He wondered if I'd told her everything, and, faltering, I had to admit that I hadn't. She was wonderful--but human.
t of the French nobility whose family had ridden the tumbrils of the Revolution, tended her fragile body and spirit with the same loving care given rare, brief-blooming flowers. You may imagine from this his attitude concerning marriage. He lived in terror of the vulgar, heavy-handed man who would one day win my mother's heart, and at last, this persistent dread killed him. His concern was unnecessary, however, for my mother chose a suitor who was as free of mundane brutality as a husband could be. Her choice was Dauphin, a remarkable white cat which strayed onto the estate shortly after his death.
Dauphin was an unusually large Angora, and his ability to speak in cultured French, English, and Italian was sufficient to cause my mother to adopt him as a household pet. It did not take long for her to realize that Dauphin deserved a higher status, and he became her friend, protector, and confidante. He never spoke of his origin, nor where he had acquired the classical education which made him such an entertaining companion. After two years, it was eas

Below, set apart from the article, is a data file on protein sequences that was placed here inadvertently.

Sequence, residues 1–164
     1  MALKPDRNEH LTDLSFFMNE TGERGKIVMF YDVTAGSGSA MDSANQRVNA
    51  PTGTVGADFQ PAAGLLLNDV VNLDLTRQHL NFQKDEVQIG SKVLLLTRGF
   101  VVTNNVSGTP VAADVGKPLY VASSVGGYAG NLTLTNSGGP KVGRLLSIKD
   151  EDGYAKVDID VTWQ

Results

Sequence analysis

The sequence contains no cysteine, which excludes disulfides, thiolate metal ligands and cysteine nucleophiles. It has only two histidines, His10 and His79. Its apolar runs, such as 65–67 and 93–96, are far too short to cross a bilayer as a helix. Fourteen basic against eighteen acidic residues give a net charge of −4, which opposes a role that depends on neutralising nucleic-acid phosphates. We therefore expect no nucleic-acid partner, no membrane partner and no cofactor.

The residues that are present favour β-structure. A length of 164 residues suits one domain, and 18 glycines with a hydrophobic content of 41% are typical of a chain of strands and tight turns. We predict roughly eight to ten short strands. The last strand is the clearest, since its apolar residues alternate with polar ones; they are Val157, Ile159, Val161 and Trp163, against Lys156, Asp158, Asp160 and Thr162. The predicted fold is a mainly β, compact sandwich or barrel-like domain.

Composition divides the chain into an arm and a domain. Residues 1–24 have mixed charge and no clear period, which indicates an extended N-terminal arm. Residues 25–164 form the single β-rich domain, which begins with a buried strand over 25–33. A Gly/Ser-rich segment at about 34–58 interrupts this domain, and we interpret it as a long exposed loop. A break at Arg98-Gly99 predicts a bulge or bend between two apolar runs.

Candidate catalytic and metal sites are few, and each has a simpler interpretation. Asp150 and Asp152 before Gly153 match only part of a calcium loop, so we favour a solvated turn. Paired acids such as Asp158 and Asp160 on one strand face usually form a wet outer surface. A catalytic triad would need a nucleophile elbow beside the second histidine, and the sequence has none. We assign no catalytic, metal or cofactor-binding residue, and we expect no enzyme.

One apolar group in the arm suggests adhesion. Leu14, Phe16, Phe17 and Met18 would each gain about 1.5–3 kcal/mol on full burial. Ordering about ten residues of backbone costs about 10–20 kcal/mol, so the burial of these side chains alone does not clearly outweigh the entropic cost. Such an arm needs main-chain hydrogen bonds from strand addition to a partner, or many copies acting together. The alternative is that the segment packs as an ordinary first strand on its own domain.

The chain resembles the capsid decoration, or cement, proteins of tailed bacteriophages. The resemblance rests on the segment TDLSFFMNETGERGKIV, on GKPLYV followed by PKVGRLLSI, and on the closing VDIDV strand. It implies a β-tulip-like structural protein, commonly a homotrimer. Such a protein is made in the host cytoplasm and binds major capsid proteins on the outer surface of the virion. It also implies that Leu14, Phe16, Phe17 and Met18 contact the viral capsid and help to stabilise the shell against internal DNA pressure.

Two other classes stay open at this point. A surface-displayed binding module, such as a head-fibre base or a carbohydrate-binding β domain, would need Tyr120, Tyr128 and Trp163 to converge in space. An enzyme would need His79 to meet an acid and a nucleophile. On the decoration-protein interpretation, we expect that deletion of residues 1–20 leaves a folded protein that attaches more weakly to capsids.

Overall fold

A delightfully strange story of a young man's difficulties in life because of the fact his father is an Angora cat. Although the story sounds like a fairy tale (the hero's mother was a changeling, after all,) it is written as a straight story, set in the present day. It shows the lengths parents will go to ensure the happiness of their children.
Some people will hate it. I found it well-written and original.
I read My Father, The Cat many years ago in an anthology and thought it long lost until it was resurrected on ManyBooks.Net.
Written by Henry Slesar (1927-2002), an American author, playwright and copywriter, the story is a gentle fairy tale about the love between a father and his son and the lengths some parents will go to so the happiness of their children is assured.
The story has its charm that it has retained over the years.
C. Alan Loewen